Right, that's what I was trying to imagine.  What would this even look like?  If the govt is guaranteeing all banks at this point then what is the purpose of a run?  Where do you put the money after you pull it out?  How is bank "B" any more robust than bank "A"?  For the most part, these depositors need some kind of bank.  Or are we imagining less directly related circumstances like people aren't scared of their bank folding, but now they are much more scared of an impending recession, or being laid off, so they aren't going to buy a house/car/vacation, etc?

ChpBstrd

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Re: SVB goes under
« Reply #111 on: March 13, 2023, 10:17:55 AM »
Question: As the bankers watched the yield curve inversion, inflation rate, and slowing deposit rates continue; I just wonder why they didn't sell their depreciating long bonds at a loss in favor of the short-term, higher-yielding money market to remain liquid? They surely had a few very good years prior to all this. Maybe there just wasn't enough time. Perhaps the recent inflation rate recent slow-down served as a head fake?

Specifically with SVB, their Chief Risk Officer and Chief Investment Officer turned over and were new to the position in early 2022.  Yes, they should have sold some and generated liquidity earlier, but were likely under pressure to "not show a loss".  Their resumes / backgrounds plus the series of events would suggest they were not qualified for the job.   CRO was with AIG in 2008 and was never a deputy CRO at a major US bank or a CRO at a smaller regional bank.  The experience was with an international conglomerate.   The CIO came from a 17 branch bank they purchased in Boston.

They failed because of the $42bil withdrawn in one day.  Had that been spread out over even a week or two, the funds could have been replaced with high cost deposits (brokered CDs, fed window borrowings, ect) and the bank would have been handicapped with a higher cost of funds but survived.

Good write-up, @chasesfish

Is there any hard and fast rule on when bank regulators step in?  Ultimately someone, somewhere in the economy is going to eat all the interest rate risk that's out there, and whether or not the Fed forces the bank to realize that risk before or after they step in would seem to matter a great deal for who is ultimately left holding the bag.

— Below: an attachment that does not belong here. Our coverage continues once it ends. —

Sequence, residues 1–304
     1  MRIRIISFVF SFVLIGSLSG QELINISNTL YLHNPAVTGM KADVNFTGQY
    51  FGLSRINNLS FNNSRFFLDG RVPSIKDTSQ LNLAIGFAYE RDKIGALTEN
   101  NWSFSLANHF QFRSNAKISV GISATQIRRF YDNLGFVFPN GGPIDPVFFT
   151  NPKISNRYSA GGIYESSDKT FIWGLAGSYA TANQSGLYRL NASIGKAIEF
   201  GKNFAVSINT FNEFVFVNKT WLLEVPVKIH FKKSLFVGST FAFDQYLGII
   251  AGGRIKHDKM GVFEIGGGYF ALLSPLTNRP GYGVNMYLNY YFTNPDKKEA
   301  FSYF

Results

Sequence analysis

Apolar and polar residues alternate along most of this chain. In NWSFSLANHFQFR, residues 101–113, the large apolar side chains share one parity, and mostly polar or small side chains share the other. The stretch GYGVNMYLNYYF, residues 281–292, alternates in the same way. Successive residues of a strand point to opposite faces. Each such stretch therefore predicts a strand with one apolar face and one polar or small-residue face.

I imagine this same issue is floating in mortgage backed securities right now as well.  Who's going to ultimately take the loss on  a bundle of <3% mortgages when bonds are at 6%?

There were other ways these and other banks could have potentially managed the risk. They could have bought extra insurance, used swaps or swaptions, bought futures on the federal funds rate, put options, etc. I'm not sure which risk management strategies were allowed in their specific case, but they could have done something. Hell, even I avoided bonds in early 2022 and I'm not even a CRO. Probably they could not justify the minor expense of hedging against what would become the fastest series of rate hikes in at least 50 years. Back when banks were operating on razor-thin margins, maybe even hedging expenses were squeezed out!

Regarding the question about all those mortgages, I've been side-eyeing mortgage REITs for the past 18 months. They were buying your 3% and 4% mortgages a year or two ago, and financing those purchases with short-duration debt. In theory, mREITs should be printing outrageous losses now because their short-term financing costs are higher than the yield on many of the mortgages they hold, and the homeowners aren't letting those mortgages go! In reality, mREITs are masters of hedging (retail banks could learn a thing or two from them) and covered most of their losses in 2022.

Unlike banks, mREITs must mark-to-market every quarter. Thus the stock price has gone down alongside book value, but earnings somehow keep coming for as long as the hedges hold out. I suspect, though, that mREITs will have to renew their hedges soon, and not at the same favorable terms things were trading at in 2021. At that point, we might flip from positive cash flow to deeply negative cash flow. OR, maybe they'll figure out how to hedge in new ways.

maizefolk

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Re: SVB goes under
« Reply #112 on: March 13, 2023, 10:27:03 AM »